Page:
The campaign to defend the CTU Six galvanized community support and set the stage for wins against abusive CPS bosses.

Faces of the CTU Six

For educators who have been targeted, abused and even terminated for speaking out on behalf of their students, fighting is second nature. And that fighting spirit paid off recently for a courageous group of Chicago Teachers Union leaders, known as the CTU Six.

The group of educators faced harassment, unjust disciplinary actions and even termination for standing up to Chicago Public Schools’ abusive and often illegal policies. As CTU fights for a fair contract at the bargaining table, it’s important to recognize that the outspoken union advocates known as the CTU Six helped build our strength for current and future battles.

“As we head into the current contract fight, let’s remember what was happening two years ago. Claypool was slashing special education funding, decimating school budgets and going after the fierce teacher advocates who were fighting back,” CTU President Jesse Sharkey said. “Our union, our educators and our community allies stood up and fought back and that fight has been vindicated.”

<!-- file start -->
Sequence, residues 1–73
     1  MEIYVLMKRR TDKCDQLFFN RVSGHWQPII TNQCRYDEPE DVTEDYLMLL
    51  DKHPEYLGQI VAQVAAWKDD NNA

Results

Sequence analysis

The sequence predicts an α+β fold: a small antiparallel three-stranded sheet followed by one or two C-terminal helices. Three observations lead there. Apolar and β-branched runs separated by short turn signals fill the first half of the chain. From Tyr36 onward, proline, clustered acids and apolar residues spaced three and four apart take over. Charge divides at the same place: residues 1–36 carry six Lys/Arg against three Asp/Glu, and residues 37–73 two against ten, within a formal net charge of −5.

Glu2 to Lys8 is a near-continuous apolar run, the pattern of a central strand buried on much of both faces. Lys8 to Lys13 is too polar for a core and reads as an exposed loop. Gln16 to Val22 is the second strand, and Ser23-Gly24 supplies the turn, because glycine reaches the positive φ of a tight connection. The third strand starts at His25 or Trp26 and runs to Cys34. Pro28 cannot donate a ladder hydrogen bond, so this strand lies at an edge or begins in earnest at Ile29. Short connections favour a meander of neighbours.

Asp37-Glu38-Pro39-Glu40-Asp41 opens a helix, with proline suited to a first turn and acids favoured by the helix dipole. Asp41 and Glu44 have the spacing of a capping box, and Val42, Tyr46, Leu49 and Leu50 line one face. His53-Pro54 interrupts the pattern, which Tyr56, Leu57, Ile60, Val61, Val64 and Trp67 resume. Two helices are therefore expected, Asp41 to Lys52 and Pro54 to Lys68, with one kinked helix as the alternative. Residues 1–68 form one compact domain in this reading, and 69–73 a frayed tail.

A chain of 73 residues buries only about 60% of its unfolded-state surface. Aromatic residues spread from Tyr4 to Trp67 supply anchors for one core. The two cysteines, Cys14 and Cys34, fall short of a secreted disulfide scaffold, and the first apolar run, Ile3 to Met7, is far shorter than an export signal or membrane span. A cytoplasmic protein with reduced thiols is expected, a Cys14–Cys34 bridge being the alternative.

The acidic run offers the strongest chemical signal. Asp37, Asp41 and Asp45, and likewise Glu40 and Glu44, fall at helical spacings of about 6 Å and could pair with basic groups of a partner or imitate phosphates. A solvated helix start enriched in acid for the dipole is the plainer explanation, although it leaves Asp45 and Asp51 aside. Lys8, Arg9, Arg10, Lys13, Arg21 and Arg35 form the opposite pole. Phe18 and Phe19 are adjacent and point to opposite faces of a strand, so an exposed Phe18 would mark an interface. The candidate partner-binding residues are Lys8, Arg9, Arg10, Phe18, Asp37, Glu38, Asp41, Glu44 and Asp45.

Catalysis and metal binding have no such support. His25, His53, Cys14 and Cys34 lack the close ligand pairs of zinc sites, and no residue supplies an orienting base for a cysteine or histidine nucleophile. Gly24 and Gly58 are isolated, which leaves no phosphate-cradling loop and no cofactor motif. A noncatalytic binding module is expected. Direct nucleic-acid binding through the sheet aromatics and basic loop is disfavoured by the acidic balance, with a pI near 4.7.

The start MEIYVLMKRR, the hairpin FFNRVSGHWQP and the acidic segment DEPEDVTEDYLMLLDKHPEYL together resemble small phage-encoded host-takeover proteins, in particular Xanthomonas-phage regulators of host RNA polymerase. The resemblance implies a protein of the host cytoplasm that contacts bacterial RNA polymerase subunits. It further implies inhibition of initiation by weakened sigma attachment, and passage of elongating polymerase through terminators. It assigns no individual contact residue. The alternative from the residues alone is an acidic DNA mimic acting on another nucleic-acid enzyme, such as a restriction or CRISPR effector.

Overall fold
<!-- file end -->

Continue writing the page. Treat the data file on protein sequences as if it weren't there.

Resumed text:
The campaign to defend the CTU Six not only galvanized teachers but won support from all corners of the city and country. Elected officials, parent and community groups and unions from across the globe supported these teachers under attack:

Sarah Chambers, special ed advocate and CTU executive board member at Saucedo Academy, was suspended in April 2017 and barred from setting foot on CPS property. The union successfully challenged CPS’s actions and helped clear the way for her to return to teach in district schools.

Joseph Dunlap, delegate and award-winning veteran teacher at Tarkington Elementary, was unjustly targeted by the Academy of Urban School Leadership (AUSL) for his activism. He recently won his case in arbitration and he will be returning to his school next year.

Laura Sierra, delegate at Whittier Elementary School, was bullied and harassed by her administration for speaking out about contract violations. She succeeded in overturning the disciplinary actions against her and now teaches at a new school.

Kevin Triplett, delegate at Barton Elementary, was disciplined after calling out climate and culture issues in schools. He continues to advocate for his staff and students despite the harassment he faced.

Jose Conteras, delegate at Carson Elementary School, was unfairly targeted after he spoke out about abusive and disrespectful behavior by his bosses. His grievance is pending.

Jessie Hudson, delegate at Beidler who fought to save the school from closing, was  targeted for blowing the whistle on special ed cut backs. Her work with the union helped her win extra subs to help with special ed staffing and more time to complete her work with special ed students.